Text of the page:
Embarc Collective connects, nurtures young professionals

One introduction can dramatically boost a startup’s chances of success. 

Just ask Will Sitton, founder and CEO of Slipseat, a company connecting drivers with trucking companies who need them. He wanted a business introduction to enable him to create a strategy for attracting customers. Through the Embarc Collective’s Young Professionals Board, he got one.

“Our main objective for the Young Professionals Board is really to create a vibrant network of opportunities for top talents, for Embarc Collective member companies, and leaders in the business community,” says Evan Erickson, leader of the Young Professionals Board. 

The Young Professionals Board, which launched a little over a year ago, has 44 active members serving staggered, two-year terms. The members represent a wide variety of backgrounds.

Allie Felix, the board’s original leader, says it can build a bridge between established businesses and rising business leaders.

“We saw a really big opportunity in the Tampa Bay market,” says Felix, Embarc’s VP of Platform, who oversees the startup support platform. “We really wanted to ensure that rising business leaders could build connection points.” 

The board main mission is accomplished through two committees: the quick wins committee, aimed at helping member companies access helpful resources and business connections, and a second committee profiling tech talent moving into the region to work in the sector.

“We’ve identified 125 individuals who have relocated from a major tech market,” Felix says.

Since 2018, Embarc has tracked tech talent relocating here from cities like San Francisco, Chicago, New York City, Austin and Los Angeles. They meet quarterly for breakfast at Embarc as the Tampa Bay Tech Transplant Network.

The committee aims to create a video where these transplants can share their stories.

“The main goal of these stories ... is to shine a light on Tampa, showing all of the wonderful talent that is moving to the Tampa Bay Area, even if they are outside of Embarc Collective,” Erickson says. “That has to say something about our region, what we’re doing and what we’re building here.”

What does serving on the board mean for board members? It’s an opportunity to collaborate, says one of the initial board members, Alyinth Bowen, director of Talent at Bisk.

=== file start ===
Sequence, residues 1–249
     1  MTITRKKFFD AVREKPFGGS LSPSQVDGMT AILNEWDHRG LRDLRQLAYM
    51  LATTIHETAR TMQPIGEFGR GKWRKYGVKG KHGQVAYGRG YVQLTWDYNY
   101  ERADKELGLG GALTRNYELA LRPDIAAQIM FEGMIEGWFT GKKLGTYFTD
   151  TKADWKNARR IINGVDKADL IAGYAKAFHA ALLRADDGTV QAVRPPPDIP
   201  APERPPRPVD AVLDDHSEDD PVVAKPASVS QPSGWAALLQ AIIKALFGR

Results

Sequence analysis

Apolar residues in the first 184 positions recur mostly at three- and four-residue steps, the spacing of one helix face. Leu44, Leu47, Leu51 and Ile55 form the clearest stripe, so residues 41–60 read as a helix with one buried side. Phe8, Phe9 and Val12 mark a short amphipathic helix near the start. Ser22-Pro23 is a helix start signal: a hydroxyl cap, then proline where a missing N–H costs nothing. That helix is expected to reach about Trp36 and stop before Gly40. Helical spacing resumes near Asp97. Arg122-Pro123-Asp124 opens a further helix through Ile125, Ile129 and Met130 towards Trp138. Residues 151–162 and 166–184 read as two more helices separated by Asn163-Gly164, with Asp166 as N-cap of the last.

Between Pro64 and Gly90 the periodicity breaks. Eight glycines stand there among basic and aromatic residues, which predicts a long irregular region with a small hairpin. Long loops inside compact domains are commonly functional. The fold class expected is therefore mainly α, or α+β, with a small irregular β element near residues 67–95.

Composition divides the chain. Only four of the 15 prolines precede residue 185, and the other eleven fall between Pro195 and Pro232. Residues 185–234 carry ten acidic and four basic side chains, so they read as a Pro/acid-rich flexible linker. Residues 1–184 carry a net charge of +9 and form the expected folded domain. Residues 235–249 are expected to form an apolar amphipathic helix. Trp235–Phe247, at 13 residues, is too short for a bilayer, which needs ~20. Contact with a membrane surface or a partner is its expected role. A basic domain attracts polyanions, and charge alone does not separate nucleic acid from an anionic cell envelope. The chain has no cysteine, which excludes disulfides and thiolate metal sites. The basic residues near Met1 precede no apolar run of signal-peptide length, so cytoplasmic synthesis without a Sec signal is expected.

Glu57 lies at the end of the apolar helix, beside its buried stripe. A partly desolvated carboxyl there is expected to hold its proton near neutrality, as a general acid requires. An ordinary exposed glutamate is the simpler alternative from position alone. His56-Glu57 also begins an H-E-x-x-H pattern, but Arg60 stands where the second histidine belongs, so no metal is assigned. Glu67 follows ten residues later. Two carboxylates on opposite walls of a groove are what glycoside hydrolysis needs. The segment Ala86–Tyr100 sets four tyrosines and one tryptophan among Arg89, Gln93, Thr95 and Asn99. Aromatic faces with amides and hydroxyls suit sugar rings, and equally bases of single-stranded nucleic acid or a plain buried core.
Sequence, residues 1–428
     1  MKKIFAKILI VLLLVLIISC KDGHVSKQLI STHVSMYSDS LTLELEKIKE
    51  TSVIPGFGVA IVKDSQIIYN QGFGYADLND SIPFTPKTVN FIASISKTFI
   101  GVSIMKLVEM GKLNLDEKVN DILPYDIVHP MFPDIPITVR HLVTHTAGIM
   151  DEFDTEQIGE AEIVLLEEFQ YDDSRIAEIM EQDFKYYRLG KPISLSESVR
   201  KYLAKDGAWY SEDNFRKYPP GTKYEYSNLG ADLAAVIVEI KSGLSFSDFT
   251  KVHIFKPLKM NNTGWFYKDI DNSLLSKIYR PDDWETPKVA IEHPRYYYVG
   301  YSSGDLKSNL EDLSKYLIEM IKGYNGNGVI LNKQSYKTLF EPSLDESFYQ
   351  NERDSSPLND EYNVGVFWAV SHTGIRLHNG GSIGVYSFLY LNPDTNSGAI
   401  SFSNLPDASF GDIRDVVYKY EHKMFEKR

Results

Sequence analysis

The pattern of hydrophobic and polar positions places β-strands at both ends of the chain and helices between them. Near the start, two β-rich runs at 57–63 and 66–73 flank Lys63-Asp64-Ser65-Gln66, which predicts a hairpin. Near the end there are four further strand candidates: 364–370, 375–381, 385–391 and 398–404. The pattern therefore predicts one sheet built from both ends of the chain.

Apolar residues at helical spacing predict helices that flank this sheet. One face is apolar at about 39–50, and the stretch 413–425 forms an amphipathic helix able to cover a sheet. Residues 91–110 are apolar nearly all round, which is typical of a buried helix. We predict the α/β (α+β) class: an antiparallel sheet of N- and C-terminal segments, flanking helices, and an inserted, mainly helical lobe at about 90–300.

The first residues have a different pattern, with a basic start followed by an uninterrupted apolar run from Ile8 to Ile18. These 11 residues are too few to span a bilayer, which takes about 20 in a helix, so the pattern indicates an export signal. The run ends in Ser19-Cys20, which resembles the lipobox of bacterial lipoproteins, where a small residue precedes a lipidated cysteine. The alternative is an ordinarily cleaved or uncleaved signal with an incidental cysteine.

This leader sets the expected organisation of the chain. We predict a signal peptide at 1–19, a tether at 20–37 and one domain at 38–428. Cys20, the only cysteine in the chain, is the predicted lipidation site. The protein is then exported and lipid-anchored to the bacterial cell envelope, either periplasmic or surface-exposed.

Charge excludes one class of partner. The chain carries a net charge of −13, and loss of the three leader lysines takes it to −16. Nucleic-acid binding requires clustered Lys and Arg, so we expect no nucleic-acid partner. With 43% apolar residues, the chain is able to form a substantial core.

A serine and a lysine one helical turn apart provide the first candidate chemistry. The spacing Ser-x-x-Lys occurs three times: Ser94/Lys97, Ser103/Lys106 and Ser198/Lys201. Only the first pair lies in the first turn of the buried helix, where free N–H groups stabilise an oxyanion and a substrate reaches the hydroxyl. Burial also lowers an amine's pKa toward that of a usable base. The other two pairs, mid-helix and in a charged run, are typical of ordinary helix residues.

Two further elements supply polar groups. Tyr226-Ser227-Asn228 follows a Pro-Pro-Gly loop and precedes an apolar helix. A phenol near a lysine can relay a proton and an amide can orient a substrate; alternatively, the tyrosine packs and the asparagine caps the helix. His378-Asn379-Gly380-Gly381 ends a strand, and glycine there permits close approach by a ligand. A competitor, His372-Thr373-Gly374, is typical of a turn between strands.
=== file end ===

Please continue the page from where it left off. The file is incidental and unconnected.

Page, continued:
“This is an important way to groom the next generation of workforce in this area, and, to give those that are hungry for it a way to network and contribute to the greater good of Tampa Bay Business and entrepreneurship,” Bowen says.

While on the board she hopes to create: 1) a content series highlighting the area’s brilliant thinkers and creators of business; and 2) a working model to help future board members to get the most out of their time serving.

Board members usually have 15 or fewer years of experience. Everyone contributes $500, which is either personally financed, paid for by an employer, or raised through a fundraising network. Funds are used to support programs for Embarc Collective, a non-profit.

“All of our board members have applied ... on our website. Some people are sent by their employers. Some people find us on their own,” Erickson says. “Everybody has a goal of supporting Tampa and the tech community.”

Learn more about the startup hub operating at 802 E. Whiting in Tampa.
 

Read more articles by Cheryl Rogers.

Cheryl Rogers is a freelance writer and editor who enjoys writing about careers. An ebook author, she also writes Bible Camp Mystery series that shares her faith. She is publisher of New Christian Books Online Magazine and founder of the Mentor Me Career Network, a free online community, offering career consulting, coaching and career information. Now a wife and mother, Cheryl discovered her love of writing as a child when she became enthralled with Nancy Drew mysteries. She earned her bachelor's degree in Journalism and Sociology from Loyola University in New Orleans. While working at Loyola's Personnel Office, she discovered her passion for helping others find jobs. A Miami native, Cheryl moved to the Temple Terrace area in 1985 to work for the former Tampa Tribune